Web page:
Apache’s HTTP web server is one of the most widely used web servers available today. The software is free and open-source, and it comes with a rich set of features. The Apache HTTP web server is also highly versatile; it’s used by many large international companies, including Apple, Baidu, and Paypal. It’s also used to create numerous small personal websites.
Setting up and navigating through Apache’s extensive list of add-ons and features can be an overwhelming task, especially for people that have never set up a web server before. Udemy’s Complete Apache HTTP Server Course by instructor Muhammed Torkey was created to help make this task easier by teaching you everything you need to know to get up and running with a basic home web server. Let’s take a closer look.
The lectures start out with a brief overview of the creation of the Internet and how it functions. This section of the course isn’t particularly important and realistically can be skipped. It’s worth noting, however, this section isn’t entirely accurate, as it states the widely held yet inaccurate belief that the Internet was created by Tim Berners-Lee. Just for those that didn’t know, Berners-Lee was a major player in the creation of the Web, but the Internet itself was created through the efforts of numerous individuals two decades prior.
Next, the course starts to dive more into how to set up an Apache webserver in section 2, but there is a minor issue here. Section 2 kicks off with the lecturer running on CentOS 7.4. The lecturer lists that students should have knowledge of Linux essentials prior to taking this course, so this in itself isn’t a problem, but the lecturer never specified which version of Linux students should use. I’d assume that the lecturer would recommend CentOS 7.4 because that’s what he is running, but there really should have more explanation here as to why students should use this version of Linux over other popular distributions such as Ubuntu or Fedora.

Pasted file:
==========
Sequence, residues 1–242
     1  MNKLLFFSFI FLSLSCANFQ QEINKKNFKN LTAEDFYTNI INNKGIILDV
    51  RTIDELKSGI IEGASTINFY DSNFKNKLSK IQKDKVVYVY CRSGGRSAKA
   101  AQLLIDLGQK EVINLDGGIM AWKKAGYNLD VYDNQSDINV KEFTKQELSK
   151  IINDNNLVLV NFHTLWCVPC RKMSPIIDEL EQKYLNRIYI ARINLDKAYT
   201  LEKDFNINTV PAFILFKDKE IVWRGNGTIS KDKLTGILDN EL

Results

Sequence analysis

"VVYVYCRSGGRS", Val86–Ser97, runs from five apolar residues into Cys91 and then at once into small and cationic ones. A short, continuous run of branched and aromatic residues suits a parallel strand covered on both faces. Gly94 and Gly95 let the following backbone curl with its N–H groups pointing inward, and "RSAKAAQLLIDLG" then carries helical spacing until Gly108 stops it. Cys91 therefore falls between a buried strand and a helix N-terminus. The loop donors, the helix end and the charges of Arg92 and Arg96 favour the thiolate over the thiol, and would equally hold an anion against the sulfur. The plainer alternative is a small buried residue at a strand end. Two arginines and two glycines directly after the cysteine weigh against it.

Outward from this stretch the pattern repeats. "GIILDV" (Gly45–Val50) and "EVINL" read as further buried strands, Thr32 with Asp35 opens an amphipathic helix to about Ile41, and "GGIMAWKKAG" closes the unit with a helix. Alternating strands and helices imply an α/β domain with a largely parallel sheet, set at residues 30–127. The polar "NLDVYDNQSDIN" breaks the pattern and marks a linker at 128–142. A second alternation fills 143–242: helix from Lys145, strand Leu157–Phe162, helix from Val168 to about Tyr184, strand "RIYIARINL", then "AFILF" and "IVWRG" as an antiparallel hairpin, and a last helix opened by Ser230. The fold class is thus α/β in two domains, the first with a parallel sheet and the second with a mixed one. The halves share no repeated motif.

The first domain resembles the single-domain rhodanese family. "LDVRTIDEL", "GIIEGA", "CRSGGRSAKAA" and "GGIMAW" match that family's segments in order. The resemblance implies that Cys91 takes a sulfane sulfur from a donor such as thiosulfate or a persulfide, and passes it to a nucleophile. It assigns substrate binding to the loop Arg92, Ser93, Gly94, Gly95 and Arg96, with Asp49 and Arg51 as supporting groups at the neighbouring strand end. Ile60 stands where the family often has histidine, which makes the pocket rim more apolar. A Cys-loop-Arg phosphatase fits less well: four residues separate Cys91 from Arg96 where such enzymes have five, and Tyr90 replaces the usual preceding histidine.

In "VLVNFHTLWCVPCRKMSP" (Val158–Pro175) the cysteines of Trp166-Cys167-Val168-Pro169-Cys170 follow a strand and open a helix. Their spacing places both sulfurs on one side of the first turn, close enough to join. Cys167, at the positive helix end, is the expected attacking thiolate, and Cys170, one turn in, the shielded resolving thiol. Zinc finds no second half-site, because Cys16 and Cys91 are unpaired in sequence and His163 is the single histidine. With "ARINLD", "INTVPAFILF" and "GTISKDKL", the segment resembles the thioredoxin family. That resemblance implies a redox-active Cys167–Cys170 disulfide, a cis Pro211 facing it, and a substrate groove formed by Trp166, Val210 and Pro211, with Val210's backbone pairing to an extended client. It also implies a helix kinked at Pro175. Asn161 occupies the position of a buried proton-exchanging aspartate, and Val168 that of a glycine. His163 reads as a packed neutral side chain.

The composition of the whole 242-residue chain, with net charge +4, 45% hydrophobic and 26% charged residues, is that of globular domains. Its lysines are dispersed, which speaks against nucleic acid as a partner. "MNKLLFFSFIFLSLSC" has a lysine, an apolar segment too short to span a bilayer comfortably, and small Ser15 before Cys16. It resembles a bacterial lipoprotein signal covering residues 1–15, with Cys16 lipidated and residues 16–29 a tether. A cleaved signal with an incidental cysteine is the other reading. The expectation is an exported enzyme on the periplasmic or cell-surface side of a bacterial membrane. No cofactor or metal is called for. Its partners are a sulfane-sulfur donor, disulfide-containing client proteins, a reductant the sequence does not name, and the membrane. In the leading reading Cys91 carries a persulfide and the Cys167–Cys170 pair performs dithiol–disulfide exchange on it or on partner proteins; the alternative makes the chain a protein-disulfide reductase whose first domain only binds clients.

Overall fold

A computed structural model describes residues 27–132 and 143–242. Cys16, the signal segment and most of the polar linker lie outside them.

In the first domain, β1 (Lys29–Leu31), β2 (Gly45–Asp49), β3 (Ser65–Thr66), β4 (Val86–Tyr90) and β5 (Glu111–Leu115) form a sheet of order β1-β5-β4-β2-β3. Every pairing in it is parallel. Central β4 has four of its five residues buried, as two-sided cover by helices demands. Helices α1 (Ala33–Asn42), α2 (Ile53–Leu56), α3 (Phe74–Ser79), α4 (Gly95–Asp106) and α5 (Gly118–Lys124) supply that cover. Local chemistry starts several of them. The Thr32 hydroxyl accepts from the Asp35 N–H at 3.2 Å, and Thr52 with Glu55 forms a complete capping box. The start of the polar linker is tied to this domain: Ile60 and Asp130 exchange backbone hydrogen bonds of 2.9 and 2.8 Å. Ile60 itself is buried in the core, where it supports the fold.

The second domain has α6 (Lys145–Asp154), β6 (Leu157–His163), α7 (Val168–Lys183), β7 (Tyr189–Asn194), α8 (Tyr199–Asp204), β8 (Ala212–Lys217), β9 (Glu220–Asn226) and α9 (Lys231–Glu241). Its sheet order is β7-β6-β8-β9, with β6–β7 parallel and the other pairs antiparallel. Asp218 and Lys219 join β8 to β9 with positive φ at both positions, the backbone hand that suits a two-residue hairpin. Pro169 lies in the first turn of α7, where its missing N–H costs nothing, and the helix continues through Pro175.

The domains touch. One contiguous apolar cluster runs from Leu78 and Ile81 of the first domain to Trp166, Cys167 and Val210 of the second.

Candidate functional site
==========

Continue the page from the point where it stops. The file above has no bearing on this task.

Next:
The lecturer then installs and starts the Apache HTTP server quickly and easily using terminal, and he then sets it to start automatically each time the system boots. After this, he shows you how to configure your system’s firewall to permit other systems to access your webserver, and then he proceeds to show you how to configure files and create your first page.
With your first page created, the rest of the course is focused on expanding your web site by adding virtual hosts and configuring aliases and redirect links. There is also a long section focused on adding security. This section alone takes up roughly a full third of the course.
Overall I found this course to be highly informative, but I’d strongly recommend potential students to take a few other courses along with it. Unless you work in Linux on a regular basis, you probably should take a Linux-based course before this one. The course is almost entirely conducted from inside of a Linux terminal, and the lecturer doesn’t always explain what the individual commands do particularly well. I personally don’t have extensive experience working with Linux, and as such found sections slightly confusing as I tried to figure out why the lecturer used the commands he did and what exact effect they had.
It’s also important to note this course teaches you how to set up a webserver, but it doesn’t teach you how to design webpages. This may sound confusing, as the lecturer actually does teach you how to create webpages, but these pages are simple with just plain text and no formatting or images. By itself, this course is unlikely to be much use unless you already have experience designing a site. That said, if you do have some experience with Linux and creating webpages and just need to learn how to host them online, then this course is exactly what you need.
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